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Monday, March 1

Bush seeks to keep Iraq probes out of White House

By John Yaukey | GNS

WASHINGTON - The postmortems on Iraq are starting to pile up with five investigations now probing the apparently flawed prewar intelligence.

With the election eight months away, President Bush and key Republicans in Congress are scrambling to make sure these inquisitions stay focused on the intelligence community. Their goal is to ensure the probes don't enter the White House where they could begin to examine the way in which Bush used his intelligence to make the case for war.

Bush said Iraq had stockpiles of banned weapons, which the Pentagon's 1,000-person survey group has yet to find despite almost a year of scouring the Iraqi countryside.

The looming question: Was the intelligence on Iraq wrong, or was it manipulated by policy-makers in Bush's inner circle to justify an invasion that has cost hundreds of American lives?

Some Democrats have been aggressive in charging that Bush, and especially Vice President Dick Cheney, exaggerated the dangers posed by Iraq.

Until recently, Bush and his top aides had managed to keep most of the dialogue focused on the intelligence and why it might have been inaccurate, rather than on how they used it.

``For decades, Saddam Hussein played a strange but elaborate cat-and-mouse game over his WMD (weapons of mass destruction) programs, and he played it with the entire world,'' Secretary of State Colin Powell said in a recent speech.

Strike one for Bush came when the Republican-led Senate Intelligence Committee agreed recently to expand its investigation into the prewar intelligence on Iraq by looking into the way the White House interpreted its intelligence.

The committee had resisted that course for months.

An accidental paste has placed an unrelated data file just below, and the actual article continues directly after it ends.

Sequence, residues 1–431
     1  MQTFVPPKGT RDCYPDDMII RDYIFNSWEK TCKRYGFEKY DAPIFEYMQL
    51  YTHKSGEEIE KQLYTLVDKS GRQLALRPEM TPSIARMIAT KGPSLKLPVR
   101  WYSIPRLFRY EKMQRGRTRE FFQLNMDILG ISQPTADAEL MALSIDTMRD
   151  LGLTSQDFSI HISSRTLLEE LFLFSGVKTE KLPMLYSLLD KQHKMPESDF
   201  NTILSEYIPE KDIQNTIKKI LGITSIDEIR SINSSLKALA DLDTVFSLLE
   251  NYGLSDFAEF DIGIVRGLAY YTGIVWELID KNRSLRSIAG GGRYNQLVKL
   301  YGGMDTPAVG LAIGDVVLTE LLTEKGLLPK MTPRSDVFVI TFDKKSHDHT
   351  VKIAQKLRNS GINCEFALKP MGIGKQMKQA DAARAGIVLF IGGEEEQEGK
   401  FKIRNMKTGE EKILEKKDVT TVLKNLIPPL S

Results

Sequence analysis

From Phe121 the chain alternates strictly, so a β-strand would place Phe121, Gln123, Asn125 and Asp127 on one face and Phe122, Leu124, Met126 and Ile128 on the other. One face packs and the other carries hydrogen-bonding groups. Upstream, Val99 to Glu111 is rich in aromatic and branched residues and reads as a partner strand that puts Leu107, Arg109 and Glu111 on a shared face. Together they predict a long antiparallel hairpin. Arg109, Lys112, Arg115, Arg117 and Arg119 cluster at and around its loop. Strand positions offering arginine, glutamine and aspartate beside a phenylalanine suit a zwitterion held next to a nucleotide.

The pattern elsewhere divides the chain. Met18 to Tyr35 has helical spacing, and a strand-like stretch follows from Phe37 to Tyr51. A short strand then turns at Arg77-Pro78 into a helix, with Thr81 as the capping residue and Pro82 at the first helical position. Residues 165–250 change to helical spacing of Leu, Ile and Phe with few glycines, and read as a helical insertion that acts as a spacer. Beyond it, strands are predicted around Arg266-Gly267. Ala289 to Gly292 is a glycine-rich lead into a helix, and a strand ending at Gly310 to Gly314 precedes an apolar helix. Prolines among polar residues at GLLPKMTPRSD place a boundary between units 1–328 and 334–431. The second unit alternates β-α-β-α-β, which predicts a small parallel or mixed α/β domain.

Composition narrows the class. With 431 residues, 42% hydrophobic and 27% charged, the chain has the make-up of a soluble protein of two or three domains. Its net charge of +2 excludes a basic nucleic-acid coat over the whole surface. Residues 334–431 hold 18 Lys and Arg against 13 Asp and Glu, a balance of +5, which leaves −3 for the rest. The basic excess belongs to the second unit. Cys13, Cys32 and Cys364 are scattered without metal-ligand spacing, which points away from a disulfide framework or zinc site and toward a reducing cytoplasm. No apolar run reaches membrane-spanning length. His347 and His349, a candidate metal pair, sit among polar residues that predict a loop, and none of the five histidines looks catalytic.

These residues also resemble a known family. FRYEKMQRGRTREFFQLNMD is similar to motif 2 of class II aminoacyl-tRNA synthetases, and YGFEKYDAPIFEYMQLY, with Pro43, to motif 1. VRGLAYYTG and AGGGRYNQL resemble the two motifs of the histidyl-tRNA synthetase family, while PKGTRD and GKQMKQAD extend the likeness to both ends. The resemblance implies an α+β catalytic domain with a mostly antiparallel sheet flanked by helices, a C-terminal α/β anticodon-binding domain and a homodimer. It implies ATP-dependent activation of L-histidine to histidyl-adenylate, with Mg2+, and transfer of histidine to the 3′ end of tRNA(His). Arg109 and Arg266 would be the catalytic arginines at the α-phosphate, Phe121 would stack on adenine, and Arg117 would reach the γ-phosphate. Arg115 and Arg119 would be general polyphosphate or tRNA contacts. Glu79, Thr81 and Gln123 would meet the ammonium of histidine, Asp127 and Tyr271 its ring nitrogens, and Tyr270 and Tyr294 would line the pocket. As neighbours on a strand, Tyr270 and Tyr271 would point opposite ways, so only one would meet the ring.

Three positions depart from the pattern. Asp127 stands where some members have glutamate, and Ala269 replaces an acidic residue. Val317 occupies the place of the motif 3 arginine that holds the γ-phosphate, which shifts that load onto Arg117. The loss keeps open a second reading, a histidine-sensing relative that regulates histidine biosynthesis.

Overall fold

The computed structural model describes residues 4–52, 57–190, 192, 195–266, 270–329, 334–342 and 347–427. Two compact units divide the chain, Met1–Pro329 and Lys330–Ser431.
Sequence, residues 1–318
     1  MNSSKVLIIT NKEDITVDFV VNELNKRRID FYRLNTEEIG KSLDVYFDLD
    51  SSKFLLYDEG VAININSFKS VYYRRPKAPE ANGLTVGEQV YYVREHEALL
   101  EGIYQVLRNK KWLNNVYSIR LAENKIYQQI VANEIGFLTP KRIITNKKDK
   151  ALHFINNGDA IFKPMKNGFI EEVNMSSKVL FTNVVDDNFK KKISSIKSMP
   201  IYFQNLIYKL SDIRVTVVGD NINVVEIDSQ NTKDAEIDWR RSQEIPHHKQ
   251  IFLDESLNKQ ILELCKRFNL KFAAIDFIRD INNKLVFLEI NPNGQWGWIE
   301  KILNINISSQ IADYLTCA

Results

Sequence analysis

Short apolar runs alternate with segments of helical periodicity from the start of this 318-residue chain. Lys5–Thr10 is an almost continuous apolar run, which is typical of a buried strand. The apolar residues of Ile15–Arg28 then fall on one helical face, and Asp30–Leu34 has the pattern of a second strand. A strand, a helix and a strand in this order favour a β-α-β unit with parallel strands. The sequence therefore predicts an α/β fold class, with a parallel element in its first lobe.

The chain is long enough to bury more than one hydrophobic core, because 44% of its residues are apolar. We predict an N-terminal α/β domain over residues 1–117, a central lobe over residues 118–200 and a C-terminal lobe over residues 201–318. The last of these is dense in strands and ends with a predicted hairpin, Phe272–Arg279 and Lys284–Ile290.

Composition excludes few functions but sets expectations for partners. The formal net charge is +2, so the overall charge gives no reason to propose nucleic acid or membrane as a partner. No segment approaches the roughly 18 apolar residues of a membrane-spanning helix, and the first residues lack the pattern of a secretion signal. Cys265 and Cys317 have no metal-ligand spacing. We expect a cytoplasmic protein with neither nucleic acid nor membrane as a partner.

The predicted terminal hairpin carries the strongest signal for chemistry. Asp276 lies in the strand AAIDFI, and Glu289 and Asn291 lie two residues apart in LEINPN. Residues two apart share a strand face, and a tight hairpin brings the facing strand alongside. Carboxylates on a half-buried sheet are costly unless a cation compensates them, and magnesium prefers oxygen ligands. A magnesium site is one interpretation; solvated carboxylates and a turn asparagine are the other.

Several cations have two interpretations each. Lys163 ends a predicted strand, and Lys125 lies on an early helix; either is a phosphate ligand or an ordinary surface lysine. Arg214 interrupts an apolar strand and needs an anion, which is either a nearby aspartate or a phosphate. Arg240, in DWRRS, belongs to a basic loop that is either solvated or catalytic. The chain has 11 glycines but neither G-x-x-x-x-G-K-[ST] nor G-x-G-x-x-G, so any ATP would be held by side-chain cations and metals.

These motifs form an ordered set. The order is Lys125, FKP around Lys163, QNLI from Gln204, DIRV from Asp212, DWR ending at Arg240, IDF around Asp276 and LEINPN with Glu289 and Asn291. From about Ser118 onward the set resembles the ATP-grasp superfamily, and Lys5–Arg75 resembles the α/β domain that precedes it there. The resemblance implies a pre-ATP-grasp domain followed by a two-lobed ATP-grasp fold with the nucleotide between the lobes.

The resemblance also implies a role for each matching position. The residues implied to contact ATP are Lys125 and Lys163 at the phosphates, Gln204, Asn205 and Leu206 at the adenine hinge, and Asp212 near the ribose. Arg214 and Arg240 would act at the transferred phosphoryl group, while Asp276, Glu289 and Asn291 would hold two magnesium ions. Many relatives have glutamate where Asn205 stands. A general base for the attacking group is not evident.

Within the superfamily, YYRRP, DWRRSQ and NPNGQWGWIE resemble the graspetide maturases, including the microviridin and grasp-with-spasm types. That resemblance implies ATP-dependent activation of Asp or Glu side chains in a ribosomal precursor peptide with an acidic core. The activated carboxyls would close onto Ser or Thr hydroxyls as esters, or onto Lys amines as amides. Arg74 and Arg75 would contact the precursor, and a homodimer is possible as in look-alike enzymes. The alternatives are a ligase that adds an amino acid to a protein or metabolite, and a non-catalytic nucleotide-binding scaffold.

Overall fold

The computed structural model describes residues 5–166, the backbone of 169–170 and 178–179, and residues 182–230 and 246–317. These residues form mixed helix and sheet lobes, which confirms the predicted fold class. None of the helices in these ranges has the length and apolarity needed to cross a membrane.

Still, Bush's harshest war critics on Capitol Hill aren't content with that.

They also want Bush to give wider latitude to an independent panel, headed by former Democratic senator and governor Charles Robb of Virginia, to look at the prewar intelligence and how it was portrayed in crafting the public case for war.

``This commission seems designed more to shield the administration from accountability than to perform a true service,'' said Sen. Jon Corzine, D-N.J.

In a sign of how tough some of the investigations might get for Bush, the Senate intelligence panel recently voted in a closed session to consider using subpoena power to obtain Iraq-related documents the White House has been reluctant to provide.

Bush, who is used to wielding a strong hand with lawmakers, has found himself in the unfamiliar role of retreating.

He opposed the idea of an independent commission for months, but acquiesced after David Kay, the former top weapons hunter in Iraq, told a Senate panel that Iraqi dictator Saddam Hussein probably didn't have the stockpiles of banned weapons central to Bush's justification for war.

So far, Kay, who was appointed last June by the CIA to head the postwar weapons search in Iraq, has proved to be one of the most powerful catalysts for an in-depth probe of whether or not intelligence was abused by the administration.

``The charges are out there,'' Kay said. ``If there was a misuse or distortion, we need to know it.''

The probes Bush is facing on the intelligence on Iraq include:

- Two on Capitol Hill: The House and Senate intelligence committees have been conducting separate investigations into prewar intelligence.

- The independent investigation headed by Robb, which is scheduled to conclude March 31, 2005 - well after the election.

- The CIA is performing its own internal review, headed by Richard Kerr, a former deputy director of the agency. He has said publicly that CIA agents did not alter intelligence reports provided to Bush and his advisers nor were they pressured by the Bush administration to do so. Some of Bush's war critics have accused the administration of strong-arming the CIA and cherry-picking the intelligence it needed to support the war.

Bush could also suffer damage from an ongoing investigation of British prewar intelligence. Embattled Prime Minister Tony Blair has appointed a five-member panel to be headed by war critic and retired civil servant Robin Butler. Investigators are expected to issue findings by the summer.

Bush is not immune to what the British learn. If Blair is found to have ``sexed up'' the intelligence on Iraq, as his critics in Parliament have accused, Bush could find himself tainted by association.